How Disease Severity, Ethnicity, and HLA-B27 Prevalence Intersect
An interview with rheumatologist, researcher, and long-standing member of SAA’s Medical and Scientific Advisory Board, John Reveille, MD
We know that the HLA-B27 gene – which is the most well-known, and currently thought to be the most significant gene in spondyloarthritis (SpA) – is more common in those who have SpA than in those who do not have the disease. As such, the gene can be one clue to physicians in diagnosing SpA.
However, the prevalence of the gene varies in different ethnic groups. It varies also in how closely it is associated with SpA; that is to say, the percentage of people with SpA who have the gene varies in different ethnicities.
We also know that disease severity varies between different populations. But what do we know about the reasons behind this? Does the HLA-B27 gene play a part in disease severity? What other factors may be at play?
We sat down with Dr. John Reveille to discuss these and other issues during a fascinating interview. Our thanks to Dr. Reveille for his time and the knowledge he shared!
Spondylitis Plus: I’d love to start by reviewing what we know about the HLA-B27 gene’s prevalence in various ethnic groups. Where it’s higher, and where it’s lower.
Dr. Reveille: Absolutely. It varies quite a bit in different groups. I can make a broad statement that basically the further you are from the equator, the higher the frequency of HLA-B27. At least in the Northern Hemisphere. In the Southern Hemisphere, that correlation doesn’t hold so well.
In Africa, the frequency of HLA-B27 is well under 1% in the general population. In the United States, however, among African Americans, because there is about a 20% white gene admixture, the frequency of HLA-B27 is about 1% in the general population. In the U.S. Caucasian population, the gene is found in 7.6% of the general population. In Hispanics, it’s found in 4.6% of the general population. In Chinese, it’s about 4.5%. Once we get over to India the frequency of HLA-B27 gets a little bit higher, until you get into the Middle East, where it falls off again. In Caucasians of European ancestry, the frequency is higher in eastern and northern Europe (roughly 9%) than in southern Europe (7%). In Caucasians with Middle Eastern ancestry, the frequency of HLA-B27 ranges between 2-4%. (Please see map below.)
Spondylitis Plus: Interesting. Let’s now discuss the strength of the association of the gene for SpA in different ethnicities. How much more likely is someone who has the HLA-B27 gene to have SpA, vs. someone who doesn’t have the gene? And does the strength of association vary in different ethnicities?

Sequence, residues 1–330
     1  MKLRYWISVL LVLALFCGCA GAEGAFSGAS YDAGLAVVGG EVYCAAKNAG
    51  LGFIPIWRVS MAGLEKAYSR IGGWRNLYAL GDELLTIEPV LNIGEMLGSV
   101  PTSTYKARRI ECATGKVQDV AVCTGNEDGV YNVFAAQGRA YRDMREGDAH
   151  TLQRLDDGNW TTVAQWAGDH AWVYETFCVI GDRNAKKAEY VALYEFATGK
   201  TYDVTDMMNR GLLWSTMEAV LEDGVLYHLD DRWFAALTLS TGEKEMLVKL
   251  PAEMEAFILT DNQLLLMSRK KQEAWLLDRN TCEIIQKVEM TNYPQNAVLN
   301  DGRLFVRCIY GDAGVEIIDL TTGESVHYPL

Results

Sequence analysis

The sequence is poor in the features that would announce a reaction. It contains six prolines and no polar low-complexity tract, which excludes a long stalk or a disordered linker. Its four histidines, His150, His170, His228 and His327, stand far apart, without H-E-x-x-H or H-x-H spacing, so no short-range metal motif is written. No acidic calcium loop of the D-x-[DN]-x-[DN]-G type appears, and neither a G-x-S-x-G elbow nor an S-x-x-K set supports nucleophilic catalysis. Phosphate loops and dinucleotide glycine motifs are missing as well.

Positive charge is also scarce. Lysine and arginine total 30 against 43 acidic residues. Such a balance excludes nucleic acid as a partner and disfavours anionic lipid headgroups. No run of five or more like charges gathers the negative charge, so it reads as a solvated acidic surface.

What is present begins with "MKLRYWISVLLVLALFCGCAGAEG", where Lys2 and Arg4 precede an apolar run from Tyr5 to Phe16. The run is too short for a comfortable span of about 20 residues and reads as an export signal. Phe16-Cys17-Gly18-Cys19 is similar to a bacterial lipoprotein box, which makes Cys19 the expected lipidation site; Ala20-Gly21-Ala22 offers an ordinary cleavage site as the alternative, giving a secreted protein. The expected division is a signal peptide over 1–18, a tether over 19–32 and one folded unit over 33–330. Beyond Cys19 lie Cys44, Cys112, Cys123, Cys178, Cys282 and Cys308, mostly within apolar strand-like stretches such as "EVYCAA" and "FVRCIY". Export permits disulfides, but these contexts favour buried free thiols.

Dr. Reveille: Yes, absolutely. You’re now asking about odds ratios (OR). We published a paper just last year, in 2019, in the Annals of Rheumatic Diseases, from which I’ll share a slide.
A little sidenote here first, though. There are over 200 HLA-B27 subtypes (or alleles), which are really just HLA-B27 genes that differ from one another by a few amino acids. The main subtype, HLA-B27-05, came from Africa when our ancestors came from Africa. That’s the oldest subtype. And all the others evolved off of that. Some subtypes are more closely associated with SpA. This can also vary by region, as you’ll see in the slide. But that’s really outside the scope here, and most people won’t know which subtype they have, if they have the gene.
Please see, “HLA-B Allelic Associations with AS in Three Ethnic Groups.” I really want to focus on the OR values here.
OR on the slide means odds ratios. That means how likely you are to have ankylosing spondylitis (if you have this gene) compared to someone who doesn’t have that particular gene. The higher the odds ratio (OR value), the stronger the association.
So for example, compared to someone who’s HLA-B27 negative, if you have HLA-B27-05 and you’re white, you’re 36.5 times more likely to have AS than another white person who doesn’t have the gene. So you see there that the B27-05, and to a lesser degree B27-02 alleles are associated with AS in whites. We’re looking at the one with the strongest association, which is the B27-05.
You see in Han Chinese that the B27-04, and to a lesser degree the B27-05 alleles are associated with AS. HLA-B27-04 has the highest association in this case, and the OR is 22.6. So someone who is Han Chinese, and has the gene, is 22.6 times more likely to have AS.
For African Americans, the HLA-B27-05 is by far most strongly associated with AS, and that association is very strong with an OR value of 41.3. So if you’re HLA-B27 positive and you’re African American, you’re 41.3 times more likely to have AS than another African American person who doesn’t have the gene.